A frequent pattern that happens in relationships is that one person becomes critical of their partner because they experience their partner as distant and disconnected, and that the other person becomes distant and disconnects because they experience their partner as always criticizing them and therefore not a safe person to get close to.
Or to flip it around: One person becomes disengaged because the other person is hard to please and always complains about something, and the other person gets dissatisfied and critical because the first person disengages.
In both of these scenarios, there is not a single cause and a single person who is the reason for the problem. The problem is circular in the sense that the way each person acts becomes a problem for the other.
In couples therapy this is often the first fruitful realization that partners need to have. They need to understand that they each play a part in perpetuating the problems they don’t like in their relationship. It is not just the other person’s fault.
A couple jointly produces each other’s misery and they therefore need to work together to jointly realize the impact they are having on each other.
The Way Out of a Stalemate:
To work their way out of their negative pattern, the critical partner needs to get a glimpse of the fears and bad feelings that make the withdrawn partner shut down in self-protection, and the withdrawn partner needs to get a glimpse of the fears and bad feelings that makes the critical partner critical.
Then they might learn that the critical partner is being critical because she has deep fears that she is not worth connecting with and is terrified of not mattering to the withdrawn partner and being utterly alone in this world. They might also learn that the withdrawn partner is withdrawn because he is afraid deep down that who he is not enough and that his failure to make his partner happy is really about some fundamental inadequacy or character flaw about him.
Unfortunately when fears are not talked about, the way each person is dealing with them on their own, only ends up contributing to the fears of the other person. By becoming critical in pursuit of more engagement or withdrawing to protect oneself from feeling inadequate, a never-ending vicious cycle of fear-based emotions and reactions is created that leaves each person feeling alone and unloved.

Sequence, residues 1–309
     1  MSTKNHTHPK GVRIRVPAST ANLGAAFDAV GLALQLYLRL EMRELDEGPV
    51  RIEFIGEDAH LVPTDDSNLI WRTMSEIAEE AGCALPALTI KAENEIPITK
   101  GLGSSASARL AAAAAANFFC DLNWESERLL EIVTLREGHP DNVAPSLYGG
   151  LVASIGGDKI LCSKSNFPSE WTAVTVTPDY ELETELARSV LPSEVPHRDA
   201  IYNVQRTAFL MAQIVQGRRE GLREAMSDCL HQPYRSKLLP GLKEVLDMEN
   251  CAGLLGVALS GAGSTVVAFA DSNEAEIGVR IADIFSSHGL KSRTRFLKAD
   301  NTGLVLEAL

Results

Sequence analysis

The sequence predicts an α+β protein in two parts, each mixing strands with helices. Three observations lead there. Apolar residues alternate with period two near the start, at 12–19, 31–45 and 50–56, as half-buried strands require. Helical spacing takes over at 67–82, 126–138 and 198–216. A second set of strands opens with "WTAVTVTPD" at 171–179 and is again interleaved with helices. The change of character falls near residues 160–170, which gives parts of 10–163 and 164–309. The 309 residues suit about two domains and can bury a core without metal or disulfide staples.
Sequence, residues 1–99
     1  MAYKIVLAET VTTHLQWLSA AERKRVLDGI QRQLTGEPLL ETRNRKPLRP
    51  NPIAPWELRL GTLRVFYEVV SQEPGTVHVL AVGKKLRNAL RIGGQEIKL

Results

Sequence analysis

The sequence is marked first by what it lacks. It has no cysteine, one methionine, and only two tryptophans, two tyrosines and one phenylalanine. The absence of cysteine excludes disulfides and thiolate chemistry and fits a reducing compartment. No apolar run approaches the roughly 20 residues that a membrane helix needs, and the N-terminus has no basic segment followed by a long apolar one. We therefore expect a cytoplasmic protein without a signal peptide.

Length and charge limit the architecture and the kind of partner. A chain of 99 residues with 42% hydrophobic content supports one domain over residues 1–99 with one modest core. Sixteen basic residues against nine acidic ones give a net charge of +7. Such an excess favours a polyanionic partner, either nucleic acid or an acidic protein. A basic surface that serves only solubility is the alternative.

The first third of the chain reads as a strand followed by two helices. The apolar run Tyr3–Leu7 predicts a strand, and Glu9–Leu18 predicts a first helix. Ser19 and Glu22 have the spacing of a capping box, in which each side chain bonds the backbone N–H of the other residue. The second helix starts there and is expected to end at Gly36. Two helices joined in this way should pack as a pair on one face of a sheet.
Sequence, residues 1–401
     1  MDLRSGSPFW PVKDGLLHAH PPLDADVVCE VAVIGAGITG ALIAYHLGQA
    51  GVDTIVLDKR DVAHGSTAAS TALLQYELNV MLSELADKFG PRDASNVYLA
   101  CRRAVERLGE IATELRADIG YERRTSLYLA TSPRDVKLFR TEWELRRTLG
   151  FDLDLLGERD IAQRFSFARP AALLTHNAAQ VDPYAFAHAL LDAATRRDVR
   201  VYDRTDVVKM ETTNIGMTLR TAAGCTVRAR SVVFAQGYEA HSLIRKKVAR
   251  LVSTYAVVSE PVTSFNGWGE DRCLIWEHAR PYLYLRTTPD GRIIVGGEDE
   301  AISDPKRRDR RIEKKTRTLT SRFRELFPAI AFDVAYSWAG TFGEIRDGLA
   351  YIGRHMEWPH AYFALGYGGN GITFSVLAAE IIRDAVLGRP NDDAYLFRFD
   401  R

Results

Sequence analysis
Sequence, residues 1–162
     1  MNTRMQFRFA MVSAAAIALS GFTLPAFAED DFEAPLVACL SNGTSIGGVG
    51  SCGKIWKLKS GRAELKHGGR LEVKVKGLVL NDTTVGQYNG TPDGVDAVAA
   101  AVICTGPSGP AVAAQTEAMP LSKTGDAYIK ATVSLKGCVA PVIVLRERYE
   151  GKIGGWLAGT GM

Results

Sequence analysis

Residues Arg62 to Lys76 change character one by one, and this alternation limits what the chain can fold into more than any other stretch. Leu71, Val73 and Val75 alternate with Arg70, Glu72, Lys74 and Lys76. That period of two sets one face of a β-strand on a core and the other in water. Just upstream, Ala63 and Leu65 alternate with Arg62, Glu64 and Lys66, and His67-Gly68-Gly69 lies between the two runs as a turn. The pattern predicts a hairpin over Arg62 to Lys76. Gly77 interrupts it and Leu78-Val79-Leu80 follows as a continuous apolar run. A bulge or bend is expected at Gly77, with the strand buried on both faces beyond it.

Only when a couple makes a commitment to address a common problem they are in together is there hope for them to get themselves out of it.
Addressing Real Issues instead of Surface Problems:
By learning to speak the full truth behind their criticism and disengagement they can excavate the positive needs and longings, which they each have to be loved, important, and accepted.
Now instead of talking about the dishes that were not put away or the absence of communication, they can talk about the real problems, which are their doubts and fears about whether or not they matter to each other and can be loved for who they are.
Once a relationship proceeds from this deep level of understanding and knowing, partners no longer have to feel alone with their relationship fears, but can work together to overcome them. Now as a team, one person’s feelings do not become a problem for the other, but an opportunity to reassure them that they are needed and wanted.
Rather than pointing fingers or blaming the other person, the feelings that previously had to go underground because they were too vulnerable, can now come to the forefront. Instead of angry accusations, the conversation now becomes about softer longings, and instead of disengaging, the conversation now becomes about an assertive desire to be accepted and given a chance to do it right.